Banking is a good example, because it is obviously a well funded industry that should be leading the technology development curve. Instead, massive data loss, theft, and other issues occur and are growing on a daily basis.

The Gap

Companies like Intel, IBM, and others, have spent billions researching and designing very sophisticated processors and computer systems in general. Mostly, this equipment has been placed in the hands of the consumer (even if that consumer is a business). Exceptions are rare, such as mainframe environments such as IBM System Z, as there has been a trend even in large enterprise applications to client-server solutions vs. mainframes and robust systems administered by companies such as IBM.

While technology is exploding exponentially in terms of processing power and sophistication, computer education and understanding is declining, creating a 'knowledge gap' that is getting wider and wider. On a macro level, this gap can explain commonplace system meltdowns that are occurring more and more, comparing with 10, 20, or 30 years ago.

Instead of using the internet as a means of collecting information not available through traditional media such as TV, consumers have driven a trend to move TV to the internet and wireless devices.

Possible Trend toward serviced computing

This problem may lead to a trend toward fully serviced computing, such as SAS on a consumer level, which is seen in cloud computing and web services. Users may have their power stricken from them, as they continue to damage their own systems and in the case of businesses, cause losses and general economic chaos.

For example, systems could be automatically backed up, for a fee, instead of relying on the user to backup their own data. Robust devices such as the Ironkey may grow faster in popularity vs. 'cool' devices such as the iPad.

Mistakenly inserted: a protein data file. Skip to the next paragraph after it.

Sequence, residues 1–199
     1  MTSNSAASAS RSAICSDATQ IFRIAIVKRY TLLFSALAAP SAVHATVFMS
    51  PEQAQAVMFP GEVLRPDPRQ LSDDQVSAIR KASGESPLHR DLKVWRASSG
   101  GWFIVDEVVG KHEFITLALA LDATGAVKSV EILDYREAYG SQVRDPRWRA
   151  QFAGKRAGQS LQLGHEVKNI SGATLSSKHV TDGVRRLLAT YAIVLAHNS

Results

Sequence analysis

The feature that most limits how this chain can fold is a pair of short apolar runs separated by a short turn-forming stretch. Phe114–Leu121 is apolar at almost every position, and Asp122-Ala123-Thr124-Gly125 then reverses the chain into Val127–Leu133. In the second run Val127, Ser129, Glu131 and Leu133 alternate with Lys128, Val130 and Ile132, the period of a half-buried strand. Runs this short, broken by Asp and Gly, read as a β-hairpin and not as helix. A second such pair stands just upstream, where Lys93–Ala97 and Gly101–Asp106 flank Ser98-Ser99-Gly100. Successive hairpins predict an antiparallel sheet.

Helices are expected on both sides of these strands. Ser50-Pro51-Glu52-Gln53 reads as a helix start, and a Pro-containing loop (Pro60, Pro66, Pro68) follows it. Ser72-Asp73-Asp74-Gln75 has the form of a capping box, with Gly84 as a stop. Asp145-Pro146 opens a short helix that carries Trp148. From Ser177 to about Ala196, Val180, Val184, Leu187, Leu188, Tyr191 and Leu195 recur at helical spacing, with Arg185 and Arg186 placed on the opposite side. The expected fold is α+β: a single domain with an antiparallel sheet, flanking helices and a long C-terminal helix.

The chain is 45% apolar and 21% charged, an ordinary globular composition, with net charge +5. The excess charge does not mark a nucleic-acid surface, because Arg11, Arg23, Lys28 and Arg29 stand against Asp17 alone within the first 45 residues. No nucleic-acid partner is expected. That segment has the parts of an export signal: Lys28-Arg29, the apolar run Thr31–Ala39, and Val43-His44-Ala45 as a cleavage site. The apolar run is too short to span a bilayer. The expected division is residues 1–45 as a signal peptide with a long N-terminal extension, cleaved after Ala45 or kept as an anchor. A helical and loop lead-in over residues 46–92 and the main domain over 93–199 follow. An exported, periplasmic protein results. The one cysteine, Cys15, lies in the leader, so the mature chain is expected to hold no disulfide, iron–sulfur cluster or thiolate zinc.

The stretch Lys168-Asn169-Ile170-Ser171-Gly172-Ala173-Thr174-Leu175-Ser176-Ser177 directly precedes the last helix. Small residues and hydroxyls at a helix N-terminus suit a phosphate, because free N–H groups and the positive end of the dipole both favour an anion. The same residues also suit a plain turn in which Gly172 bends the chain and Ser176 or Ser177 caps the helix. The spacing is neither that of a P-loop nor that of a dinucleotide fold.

As enterprise, consumer, and business systems begin to fail, without a shift to centralized, serviced computing, we may face an I.T. crisis.

Why should we notice?

EES has found that the majority of client issues in our business are in fact I.T. related not trading related. In fact, if you examine most businesses, they are in fact I.T. businesses rather than their supposed business. For example, with the integration of electronic banking systems, banking is 95% I.T. and it could be argued that many businesses are in the same category: I.T. systems that run the businesses are increasingly more important than their core businesses. Wal-Mart, clearly not in the I.T. business, attributes its success to a computer system that tracks pricing, inventory, and customer demand on a large scale.

We are now forced to learn, adapt, and integrate; or suffer the fate of Enron, a billion dollar company run on an excel spreadsheet, or worse.

Computing Headlines – Engineering grads earn the most

Sunday, April 4, 2010

DARPA: ‘Significant decline’ in U.S. science, tech degrees ‘harming national security’

DARPA: 'Significant decline' in U.S. science, tech degrees 'harming national security'